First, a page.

Contained in the tragic tale of Hamlet, Prince of Denmark, there are numerous conflicts plaguing the youth, which he struggles with to the death. The prince battles within himself, with his royal sense of duty to his country, with his friends, his love, and his family. This essay will attempt to explain and elaborate on these internal and external frays and which opponent emerges victorious in the end.
Perhaps the most tormenting blow and the one that leads off the play is the death of Hamlet’s father and the betrayal he feels that his mother and uncle have dealt him. When he learns that the Queen, before yet the King has been laid in the ground a month, is determined to marry again, and even worse to the dead king’s brother, Claudius, he refuses to put off mourning for the wedding.
“’Tis not alone my inky cloak, good mother,
Nor customary suits of solemn black,
Nor windy suspiration of forced breath,
No, nor the fruitful river in the eye,
Nor the dejected ‘haviour of the visage,
Together with all forms, moods, shapes of grief,
That can denote me truly: these indeed seem,
For they are actions that a man might play;
But I have that within which passeth show;
These but the trappings and the suits of woe.”
While Hamlet’s mother and Claudius are off making merry over their wedding, Hamlet is left alone to ponder and question what he should do to make better of this cruel injury. He doesn’t believe the story given him of his father’s death and feels that Claudius bears the guilt of murder to gain the throne and marry the Queen. This brings about another conflict for him as he begins to entertain vengeful thoughts, especially after the ghost of his father, who spoke with him on the battlements, confirms his suspicions, saying:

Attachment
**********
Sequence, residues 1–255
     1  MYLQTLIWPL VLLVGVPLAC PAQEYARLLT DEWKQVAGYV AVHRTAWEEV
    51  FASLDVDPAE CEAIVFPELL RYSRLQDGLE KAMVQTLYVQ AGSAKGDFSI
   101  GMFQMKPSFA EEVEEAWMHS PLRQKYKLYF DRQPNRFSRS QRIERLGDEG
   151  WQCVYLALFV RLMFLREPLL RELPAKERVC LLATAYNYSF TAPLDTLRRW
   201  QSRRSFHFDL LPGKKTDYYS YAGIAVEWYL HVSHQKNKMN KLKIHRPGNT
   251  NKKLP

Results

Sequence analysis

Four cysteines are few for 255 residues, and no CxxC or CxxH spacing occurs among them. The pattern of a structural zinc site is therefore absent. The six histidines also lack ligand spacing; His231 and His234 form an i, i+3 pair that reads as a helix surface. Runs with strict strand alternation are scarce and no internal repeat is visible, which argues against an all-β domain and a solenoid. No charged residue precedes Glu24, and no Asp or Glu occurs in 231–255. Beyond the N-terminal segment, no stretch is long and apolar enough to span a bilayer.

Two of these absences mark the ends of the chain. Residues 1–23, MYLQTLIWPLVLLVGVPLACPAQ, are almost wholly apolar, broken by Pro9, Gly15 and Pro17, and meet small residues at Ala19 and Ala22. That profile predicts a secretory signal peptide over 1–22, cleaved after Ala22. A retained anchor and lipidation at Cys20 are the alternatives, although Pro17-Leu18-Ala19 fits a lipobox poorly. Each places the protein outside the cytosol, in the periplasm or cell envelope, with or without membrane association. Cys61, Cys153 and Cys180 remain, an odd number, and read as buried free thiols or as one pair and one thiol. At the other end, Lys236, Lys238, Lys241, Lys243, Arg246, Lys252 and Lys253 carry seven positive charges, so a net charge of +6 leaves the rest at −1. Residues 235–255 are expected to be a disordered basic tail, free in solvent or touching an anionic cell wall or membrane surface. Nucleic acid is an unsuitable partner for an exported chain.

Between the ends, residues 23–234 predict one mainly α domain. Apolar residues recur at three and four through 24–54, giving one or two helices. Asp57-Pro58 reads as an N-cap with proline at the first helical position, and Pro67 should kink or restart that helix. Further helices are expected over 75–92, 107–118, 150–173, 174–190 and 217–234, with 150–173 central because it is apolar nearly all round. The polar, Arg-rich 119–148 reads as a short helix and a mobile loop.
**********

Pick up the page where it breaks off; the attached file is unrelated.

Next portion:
“Revenge his foul and most unnatural murder!”
“Taint not thy mind, nor let thy soul contrive against thy mother aught;
Leave her to heaven.”
This presents the ultimate strife between Hamlet’s rational mind and his idealistic heart, which is well illustrated by his famous deliberation:
“To be, or not to be: that is the question:
Whether ‘tis nobler in the mind to suffer
The slings and arrows of outrageous fortune,
Or to take arms against a sea of troubles,
And by opposing end them? To die, to sleep;
No more; and by a sleep to say we end
The heartache and the thousand natural shocks
That flesh is heir to, ‘tis a consummation
Devoutly to be wish’d. To die, to sleep;
To sleep; perchance to dream; ay, there’s the rub.”
Hamlet says, “Now there is nothing left but revenge.” He appears wholeheartedly set on the idea, but it was well known that Hamlet was a gentle and good hearted young man, so this must have caused him great inner-dissention as he would normally do no harm to another human being. Yet here were thoughts of murderous revenge in his head and in killing Claudius, he would cause pain to his mother, the very thing the ghost of his father forbade him to do. This causes him to sometimes wonder if the ghost spoke truly after all, and he struggles with this question until he orders the actors in the court to perform a certain play using the same scenario of near relations, murder and marriage to see Claudius’s reaction and thereby confirm the words of the ghost and the suspicions in his own mind.